New York Daily News

Memories of rookie cop — & decent pay Slain in '87, he earned equivalent of 48G

February 11, 2007


    Michael Reidy
  Michael Reidy

Twenty years ago, a rookie cop cashed his $1,000 paycheck, bought groceries, walked into his Bronx apartment building and was killed in a gunfight with a mugger.

The rookie's name was Michael Reidy, and his death was a reminder that a bullet fired at a police officer pays no mind to how many years he has on the job.

Reidy was 26 years old and he had tried college and waited tables. When he joined the NYPD, he thought he had found a career.

He liked the stationhouse camaraderie and using his people skills on the beat. And he liked the salary - $25,977 then, or about $48,000 in today's dollars.

Some might find that ironic given that today's rookies, any of whom might be forced to make the same sacrifice, are paid a paltry $25,100 in the academy and $32,700 a year afterward.

"It's a disgrace," Reidy's sister Nora Keating told the Daily News. "We pay our teachers more money than our police officers. They're putting their life on the line every single day."

Reidy was the youngest of six growing up in the Fordham Road section of the Bronx. He went to St. Nicholas of Tolentine High School and took courses at Lehman College. He cared for his widowed mother and worked at a Beefsteak Charlie's restaurant.

"One day he said he was going to take the police test. He said I should, too," said Sgt. Kathleen Heavey, a childhood pal. "I said our parents would kill us since we were both in college."

But Reidy took it and did well.

"He was over the moon," Heavey said. "He was so happy."

They both entered the Police Academy on Jan. 9, 1986, and after he tossed up his white gloves at graduation and got his gun and badge, he was assigned to the 41st Precinct in the Bronx, infamously known as Fort Apache.

"There we were in our brand new blue uniforms, walking a foot post in an unfamiliar section of the Bronx," Heavey said. "There were no cell phones in those days. You patrolled alone. There was a lot of 'airmail' - people throwing air conditioners and bottles off roofs.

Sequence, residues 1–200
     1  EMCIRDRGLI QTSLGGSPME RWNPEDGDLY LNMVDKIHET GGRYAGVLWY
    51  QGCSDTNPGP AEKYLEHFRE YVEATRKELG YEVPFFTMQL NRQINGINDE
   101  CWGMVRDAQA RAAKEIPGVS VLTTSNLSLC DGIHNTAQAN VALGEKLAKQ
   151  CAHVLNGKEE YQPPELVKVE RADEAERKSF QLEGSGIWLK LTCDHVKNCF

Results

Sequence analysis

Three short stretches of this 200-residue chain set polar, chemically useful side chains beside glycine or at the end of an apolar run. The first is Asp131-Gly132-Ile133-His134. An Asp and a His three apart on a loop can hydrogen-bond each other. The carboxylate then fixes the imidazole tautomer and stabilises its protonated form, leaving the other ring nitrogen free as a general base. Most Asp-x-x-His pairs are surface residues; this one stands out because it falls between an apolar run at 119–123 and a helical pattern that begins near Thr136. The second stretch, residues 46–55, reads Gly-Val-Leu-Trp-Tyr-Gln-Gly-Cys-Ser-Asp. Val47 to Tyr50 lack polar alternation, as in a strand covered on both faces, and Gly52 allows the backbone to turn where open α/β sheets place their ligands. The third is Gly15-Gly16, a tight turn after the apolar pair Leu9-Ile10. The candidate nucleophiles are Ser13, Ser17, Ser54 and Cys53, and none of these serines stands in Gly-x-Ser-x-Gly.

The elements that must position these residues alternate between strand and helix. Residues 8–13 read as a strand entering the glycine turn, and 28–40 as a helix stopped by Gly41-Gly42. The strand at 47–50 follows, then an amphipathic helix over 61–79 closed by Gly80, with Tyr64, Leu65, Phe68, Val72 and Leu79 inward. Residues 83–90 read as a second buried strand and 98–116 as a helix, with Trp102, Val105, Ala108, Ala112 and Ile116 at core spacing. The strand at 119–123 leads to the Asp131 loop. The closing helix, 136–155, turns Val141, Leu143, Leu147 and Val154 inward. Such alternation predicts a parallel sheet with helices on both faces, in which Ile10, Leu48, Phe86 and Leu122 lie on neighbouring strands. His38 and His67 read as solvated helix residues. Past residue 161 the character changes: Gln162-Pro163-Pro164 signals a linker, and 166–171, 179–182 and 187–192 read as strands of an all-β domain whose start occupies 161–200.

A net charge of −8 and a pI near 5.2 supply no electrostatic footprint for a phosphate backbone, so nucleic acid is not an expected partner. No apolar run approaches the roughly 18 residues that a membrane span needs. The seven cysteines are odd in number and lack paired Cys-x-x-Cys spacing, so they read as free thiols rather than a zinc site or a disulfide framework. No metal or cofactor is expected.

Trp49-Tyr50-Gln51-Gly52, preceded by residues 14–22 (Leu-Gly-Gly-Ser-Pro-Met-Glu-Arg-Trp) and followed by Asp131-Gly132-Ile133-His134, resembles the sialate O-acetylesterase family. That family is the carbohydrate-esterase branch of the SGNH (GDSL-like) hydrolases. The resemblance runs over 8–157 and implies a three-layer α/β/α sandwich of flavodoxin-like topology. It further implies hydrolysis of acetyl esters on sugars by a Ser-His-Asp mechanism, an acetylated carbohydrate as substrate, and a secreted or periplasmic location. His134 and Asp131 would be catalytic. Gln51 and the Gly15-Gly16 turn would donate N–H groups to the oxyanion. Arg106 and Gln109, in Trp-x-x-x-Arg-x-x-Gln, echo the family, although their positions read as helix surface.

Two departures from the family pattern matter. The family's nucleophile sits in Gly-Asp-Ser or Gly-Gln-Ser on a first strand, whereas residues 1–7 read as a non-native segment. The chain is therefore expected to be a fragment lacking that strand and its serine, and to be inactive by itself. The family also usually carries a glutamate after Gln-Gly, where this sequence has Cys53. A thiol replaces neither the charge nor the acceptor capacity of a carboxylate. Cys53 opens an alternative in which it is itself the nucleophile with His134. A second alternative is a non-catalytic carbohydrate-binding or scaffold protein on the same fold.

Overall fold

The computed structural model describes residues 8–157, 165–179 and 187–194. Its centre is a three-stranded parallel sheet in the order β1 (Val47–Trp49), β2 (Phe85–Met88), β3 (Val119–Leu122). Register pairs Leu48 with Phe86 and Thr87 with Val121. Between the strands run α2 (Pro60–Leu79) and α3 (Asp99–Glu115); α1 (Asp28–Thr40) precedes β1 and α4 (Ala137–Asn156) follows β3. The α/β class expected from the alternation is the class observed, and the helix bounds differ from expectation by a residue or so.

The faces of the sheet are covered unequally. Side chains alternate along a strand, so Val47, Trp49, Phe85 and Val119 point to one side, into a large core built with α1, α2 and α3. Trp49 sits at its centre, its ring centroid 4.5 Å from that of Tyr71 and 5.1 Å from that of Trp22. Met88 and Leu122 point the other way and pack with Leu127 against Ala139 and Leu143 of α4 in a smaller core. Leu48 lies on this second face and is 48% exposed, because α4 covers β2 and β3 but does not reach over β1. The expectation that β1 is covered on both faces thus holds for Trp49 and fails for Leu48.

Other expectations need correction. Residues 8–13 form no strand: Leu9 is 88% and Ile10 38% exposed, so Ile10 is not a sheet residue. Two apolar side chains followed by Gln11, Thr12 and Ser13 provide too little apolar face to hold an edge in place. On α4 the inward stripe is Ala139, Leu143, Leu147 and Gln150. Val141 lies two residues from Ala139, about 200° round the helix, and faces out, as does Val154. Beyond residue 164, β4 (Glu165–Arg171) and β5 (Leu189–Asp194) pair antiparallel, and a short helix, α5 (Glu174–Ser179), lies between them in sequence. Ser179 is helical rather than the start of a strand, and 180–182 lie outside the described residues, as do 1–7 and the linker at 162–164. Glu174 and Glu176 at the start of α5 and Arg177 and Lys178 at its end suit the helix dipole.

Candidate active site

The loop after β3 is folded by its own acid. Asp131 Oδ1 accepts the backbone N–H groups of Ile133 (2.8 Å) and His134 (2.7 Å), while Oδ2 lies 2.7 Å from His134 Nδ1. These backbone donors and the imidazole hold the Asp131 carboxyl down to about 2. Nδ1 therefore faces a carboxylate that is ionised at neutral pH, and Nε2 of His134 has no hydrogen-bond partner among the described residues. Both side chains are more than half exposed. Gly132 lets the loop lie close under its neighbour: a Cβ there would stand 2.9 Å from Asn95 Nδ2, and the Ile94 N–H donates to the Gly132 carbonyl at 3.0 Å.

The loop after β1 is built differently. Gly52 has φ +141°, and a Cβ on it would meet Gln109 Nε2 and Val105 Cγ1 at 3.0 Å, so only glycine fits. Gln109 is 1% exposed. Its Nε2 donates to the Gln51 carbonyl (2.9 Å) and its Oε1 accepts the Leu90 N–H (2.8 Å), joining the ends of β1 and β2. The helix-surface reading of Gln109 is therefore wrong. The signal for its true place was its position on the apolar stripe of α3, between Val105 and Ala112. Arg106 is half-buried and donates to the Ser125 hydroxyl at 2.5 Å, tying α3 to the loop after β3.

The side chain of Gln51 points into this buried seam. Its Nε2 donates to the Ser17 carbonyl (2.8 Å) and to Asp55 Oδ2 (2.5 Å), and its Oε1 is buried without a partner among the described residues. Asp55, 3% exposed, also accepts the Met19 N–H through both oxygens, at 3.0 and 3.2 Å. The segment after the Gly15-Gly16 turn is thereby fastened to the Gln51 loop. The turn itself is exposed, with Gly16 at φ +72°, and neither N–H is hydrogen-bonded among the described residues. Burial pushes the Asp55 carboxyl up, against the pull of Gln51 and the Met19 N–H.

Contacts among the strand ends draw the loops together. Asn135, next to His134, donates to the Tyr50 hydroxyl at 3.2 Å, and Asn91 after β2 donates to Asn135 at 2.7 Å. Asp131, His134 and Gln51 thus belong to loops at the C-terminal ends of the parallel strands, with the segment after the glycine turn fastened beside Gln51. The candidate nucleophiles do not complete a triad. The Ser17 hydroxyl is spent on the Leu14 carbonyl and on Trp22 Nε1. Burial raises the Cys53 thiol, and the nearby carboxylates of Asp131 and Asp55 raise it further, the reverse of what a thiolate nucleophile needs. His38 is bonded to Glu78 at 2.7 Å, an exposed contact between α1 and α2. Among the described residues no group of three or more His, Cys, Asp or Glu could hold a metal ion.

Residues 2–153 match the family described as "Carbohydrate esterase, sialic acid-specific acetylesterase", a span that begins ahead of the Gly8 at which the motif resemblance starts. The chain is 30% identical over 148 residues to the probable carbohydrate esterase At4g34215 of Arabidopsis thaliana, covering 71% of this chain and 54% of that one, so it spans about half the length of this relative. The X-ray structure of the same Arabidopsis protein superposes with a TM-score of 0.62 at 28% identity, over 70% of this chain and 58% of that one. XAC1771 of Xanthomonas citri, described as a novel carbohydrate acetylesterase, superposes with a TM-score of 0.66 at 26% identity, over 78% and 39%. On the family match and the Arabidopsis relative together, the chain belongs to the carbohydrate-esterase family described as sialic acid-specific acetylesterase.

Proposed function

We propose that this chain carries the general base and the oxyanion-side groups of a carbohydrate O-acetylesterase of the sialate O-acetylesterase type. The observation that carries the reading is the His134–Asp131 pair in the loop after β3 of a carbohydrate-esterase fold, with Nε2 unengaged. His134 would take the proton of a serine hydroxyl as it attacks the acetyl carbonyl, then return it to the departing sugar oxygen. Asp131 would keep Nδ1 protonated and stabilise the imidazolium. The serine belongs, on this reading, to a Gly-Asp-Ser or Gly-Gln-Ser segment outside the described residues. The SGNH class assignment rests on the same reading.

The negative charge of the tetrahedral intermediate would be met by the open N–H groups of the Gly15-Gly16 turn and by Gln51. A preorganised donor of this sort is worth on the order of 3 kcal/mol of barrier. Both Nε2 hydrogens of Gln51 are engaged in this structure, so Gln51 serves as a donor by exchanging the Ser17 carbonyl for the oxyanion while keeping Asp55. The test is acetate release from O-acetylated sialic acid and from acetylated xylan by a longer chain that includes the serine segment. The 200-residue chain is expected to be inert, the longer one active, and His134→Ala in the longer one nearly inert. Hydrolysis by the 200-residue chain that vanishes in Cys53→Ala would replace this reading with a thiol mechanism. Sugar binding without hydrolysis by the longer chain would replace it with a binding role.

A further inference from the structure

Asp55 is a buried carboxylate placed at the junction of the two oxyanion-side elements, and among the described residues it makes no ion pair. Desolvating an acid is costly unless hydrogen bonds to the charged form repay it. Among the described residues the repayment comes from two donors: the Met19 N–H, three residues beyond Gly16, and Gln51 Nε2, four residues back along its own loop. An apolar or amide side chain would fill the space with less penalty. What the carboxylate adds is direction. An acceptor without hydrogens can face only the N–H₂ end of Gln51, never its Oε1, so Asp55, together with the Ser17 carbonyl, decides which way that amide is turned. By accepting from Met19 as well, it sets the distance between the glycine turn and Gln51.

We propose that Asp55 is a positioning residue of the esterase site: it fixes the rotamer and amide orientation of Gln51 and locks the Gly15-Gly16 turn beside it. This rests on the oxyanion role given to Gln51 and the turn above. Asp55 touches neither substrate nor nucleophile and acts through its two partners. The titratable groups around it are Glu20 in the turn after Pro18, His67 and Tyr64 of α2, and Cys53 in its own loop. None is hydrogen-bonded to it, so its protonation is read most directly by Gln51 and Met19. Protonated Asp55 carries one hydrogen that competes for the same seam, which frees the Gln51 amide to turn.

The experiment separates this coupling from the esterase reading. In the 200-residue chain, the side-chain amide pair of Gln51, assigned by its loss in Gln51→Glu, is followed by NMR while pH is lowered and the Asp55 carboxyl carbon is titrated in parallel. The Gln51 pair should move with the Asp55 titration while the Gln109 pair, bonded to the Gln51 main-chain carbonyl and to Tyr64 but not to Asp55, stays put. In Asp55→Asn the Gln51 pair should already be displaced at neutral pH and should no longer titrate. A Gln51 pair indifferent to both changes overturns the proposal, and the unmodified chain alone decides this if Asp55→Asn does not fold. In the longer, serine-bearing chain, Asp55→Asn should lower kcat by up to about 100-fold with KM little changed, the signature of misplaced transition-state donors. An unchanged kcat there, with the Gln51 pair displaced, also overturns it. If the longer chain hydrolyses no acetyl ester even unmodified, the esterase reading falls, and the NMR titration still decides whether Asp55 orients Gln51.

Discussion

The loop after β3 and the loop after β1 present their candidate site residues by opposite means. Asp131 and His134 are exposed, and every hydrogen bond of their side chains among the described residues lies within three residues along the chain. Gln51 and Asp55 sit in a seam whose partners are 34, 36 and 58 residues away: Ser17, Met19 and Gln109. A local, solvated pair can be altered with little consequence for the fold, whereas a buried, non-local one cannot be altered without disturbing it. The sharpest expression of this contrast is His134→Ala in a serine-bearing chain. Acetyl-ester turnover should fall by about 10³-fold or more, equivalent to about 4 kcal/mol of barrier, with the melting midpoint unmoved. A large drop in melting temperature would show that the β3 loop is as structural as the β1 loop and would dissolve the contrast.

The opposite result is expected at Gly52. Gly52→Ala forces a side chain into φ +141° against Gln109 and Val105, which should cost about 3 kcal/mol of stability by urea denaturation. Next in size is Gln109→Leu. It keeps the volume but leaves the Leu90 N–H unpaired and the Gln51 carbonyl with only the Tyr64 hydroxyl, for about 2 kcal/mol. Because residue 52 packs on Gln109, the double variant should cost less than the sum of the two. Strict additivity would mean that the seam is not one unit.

"This was the late '80s. New York was a crazy place."

The insanity of it came crashing home Jan. 23, 1987, after Reidy cashed a check for two weeks' work plus holiday pay and headed home.

Toting groceries and newspapers, he stepped into the vestibule of 2336 University Ave. An armed thug, Angel Maldonado, was close behind him.

Maldonado, who needed cash to pay a parking ticket, followed Reidy and tried to push his way into the cop's first-floor apartment. Shots were fired, and a slug pierced Reidy's heart.

"Michael emptied his gun - he always had it - but he was already hit," Heavey said. "I know he put up a good fight."

Rushed to the hospital, Reidy could not be saved. He is one of at least nine NYPD rookies killed in the line of duty in the history of the department.

Reidy's family was devastated.

One of his brothers who was a Jesuit priest "never got over" the loss, Keating said. His mother moved to Ohio to escape the memories and didn't even return for the unveiling of a memorial to her slain son.

Had he lived, Reidy would be 46 years old today and eligible for retirement from the NYPD.

"He'd have a family, he'd have kids," his sister said. "He might still be with my mother, taking care of her."

Heavey thinks Reidy would have earned some stripes.

"Mike would have done 20 years or more," she said. "He would have gone up in the ranks, definitely surpassed me.

"I bet he would have eventually gone into ESU - the Emergency Service Unit, the people on the scene helping in an emergency. He could always calm somebody."

When NYPD rookies Patrick Lynch and Christine Schmidt rescued fellow newbie Joseph Cho after he was bashed in the head on patrol in Queens last week, Heavey's thoughts turned to her and Reidy's first days out of the academy.

"A lot of this all came back - standing alone on a foot post," she said.

But she also thought about an important difference between her and Reidy and the rookies who put themselves on the line today.

"What is amazing," she said, "is that I was making about $25,000 in 1987."